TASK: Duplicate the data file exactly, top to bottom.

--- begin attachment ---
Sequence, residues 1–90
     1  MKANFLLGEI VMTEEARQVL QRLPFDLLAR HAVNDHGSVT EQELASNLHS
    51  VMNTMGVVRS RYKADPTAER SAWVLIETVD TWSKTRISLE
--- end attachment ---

Sequence, residues 1–90
     1  MKANFLLGEI VMTEEARQVL QRLPFDLLAR HAVNDHGSVT EQELASNLHS
    51  VMNTMGVVRS RYKADPTAER SAWVLIETVD TWSKTRISLE